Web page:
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Cuba's American refugees

TWENTY-FIVE years ago today, Black Panther activist Joanne Chesimard was involved in a New Jersey motorway shootout which left one policeman dead and another wounded. Now, she lives freely in Cuba, writes books and receives living expenses from Fidel Castro's government.

Ms Chesimard, now 50 and calling herself Assata Shakur, is one of nearly 100 serious criminals who fled the United States and were granted political asylum by Mr Castro's communist regime. The Clinton administration has asked Cuba to hand them over but Mr Castro refuses.

New Jersey governor Christine Todd Whitman on Thursday offered a $100,000 (pounds 60,000) reward to anyone who brings Ms Chesimard back to complete a life sentence handed down in 1977. She broke out of jail in a daring escape in 1979, when her visitors, former comrades in a militant black group, took a guard hostage.

She is believed to have fled to Cuba in 1984, where she has since become a grandmother and taken a master's degree. She says she did not shoot New Jersey State Trooper Werner Foerster on 2 May 1973.

Joining in the campaign to return her and the other American criminals harboured by the Cuban government, New Jersey Republican Congressman Bob Franks described Ms Chesimard as "a cold-blooded cop killer" and said Washington should not consider improving relations with Havana until all the American convicts are returned.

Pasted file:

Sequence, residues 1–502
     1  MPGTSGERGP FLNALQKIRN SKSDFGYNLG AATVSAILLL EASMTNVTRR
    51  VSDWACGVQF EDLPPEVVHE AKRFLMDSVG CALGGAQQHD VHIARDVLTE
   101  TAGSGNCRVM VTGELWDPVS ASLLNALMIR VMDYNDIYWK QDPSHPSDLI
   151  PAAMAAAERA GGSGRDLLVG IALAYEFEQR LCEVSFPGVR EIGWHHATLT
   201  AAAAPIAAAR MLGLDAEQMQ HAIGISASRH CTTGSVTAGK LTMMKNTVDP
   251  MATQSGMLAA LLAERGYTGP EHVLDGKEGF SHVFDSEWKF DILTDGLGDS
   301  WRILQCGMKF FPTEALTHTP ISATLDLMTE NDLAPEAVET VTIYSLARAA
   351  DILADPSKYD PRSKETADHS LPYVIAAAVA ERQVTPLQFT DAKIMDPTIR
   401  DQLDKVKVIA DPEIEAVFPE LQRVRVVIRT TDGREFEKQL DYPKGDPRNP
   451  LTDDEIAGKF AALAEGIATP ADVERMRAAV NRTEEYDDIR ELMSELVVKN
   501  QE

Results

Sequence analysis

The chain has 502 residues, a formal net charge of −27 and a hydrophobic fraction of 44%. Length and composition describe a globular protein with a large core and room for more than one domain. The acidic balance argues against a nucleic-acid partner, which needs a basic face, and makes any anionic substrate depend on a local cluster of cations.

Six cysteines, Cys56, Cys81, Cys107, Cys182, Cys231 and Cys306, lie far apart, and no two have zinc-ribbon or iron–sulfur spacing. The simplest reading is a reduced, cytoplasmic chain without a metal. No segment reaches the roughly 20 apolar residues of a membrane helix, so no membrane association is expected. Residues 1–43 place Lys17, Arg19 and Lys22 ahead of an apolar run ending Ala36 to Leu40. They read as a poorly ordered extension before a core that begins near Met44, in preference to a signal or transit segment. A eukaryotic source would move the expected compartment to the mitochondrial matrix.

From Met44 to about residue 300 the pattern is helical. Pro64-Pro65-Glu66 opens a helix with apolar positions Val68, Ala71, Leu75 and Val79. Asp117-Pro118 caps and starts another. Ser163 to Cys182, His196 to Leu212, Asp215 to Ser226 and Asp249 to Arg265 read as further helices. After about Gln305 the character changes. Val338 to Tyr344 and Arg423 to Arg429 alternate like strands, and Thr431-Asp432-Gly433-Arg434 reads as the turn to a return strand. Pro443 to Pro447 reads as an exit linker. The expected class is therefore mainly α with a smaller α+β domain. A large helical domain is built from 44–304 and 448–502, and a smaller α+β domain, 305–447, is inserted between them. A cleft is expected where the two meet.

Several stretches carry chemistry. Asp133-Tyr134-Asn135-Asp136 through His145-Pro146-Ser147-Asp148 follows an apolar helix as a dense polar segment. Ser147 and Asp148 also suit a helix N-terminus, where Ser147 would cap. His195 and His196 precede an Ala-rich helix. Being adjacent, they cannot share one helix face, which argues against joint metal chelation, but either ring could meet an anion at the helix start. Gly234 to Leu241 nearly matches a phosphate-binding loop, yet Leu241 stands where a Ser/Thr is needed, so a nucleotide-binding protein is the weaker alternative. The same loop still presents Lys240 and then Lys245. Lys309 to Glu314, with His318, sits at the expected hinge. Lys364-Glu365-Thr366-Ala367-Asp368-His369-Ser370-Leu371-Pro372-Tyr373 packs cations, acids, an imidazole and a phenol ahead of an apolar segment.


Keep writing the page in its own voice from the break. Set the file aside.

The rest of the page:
"This is normal behaviour for Fidel Castro, to give safe haven to terrorists, to drug dealers, to cop killers," said Republican Florida Congresswoman Ileana Ros-Lehtinen, a Cuban-American. In its annual report on international terrorism, published yesterday, the US State Department listed Cuba among countries harbouring terrorists.

Responding to the calls to return Ms Chesimard, a Cuban government spokesman noted that Havana has no extradition treaty with Washington and did not necessarily believe Ms Chesimard was guilty.

Among the other American convicts in Cuba is former Black Panther William Lee Brent, now 68, who hijacked an American domestic airliner to Cuba in 1969. Cuba first jailed Mr Brent for almost two years, suspecting he may be a CIA agent, but then freed him. He works as a disc jockey and announcer on Cuban state radio.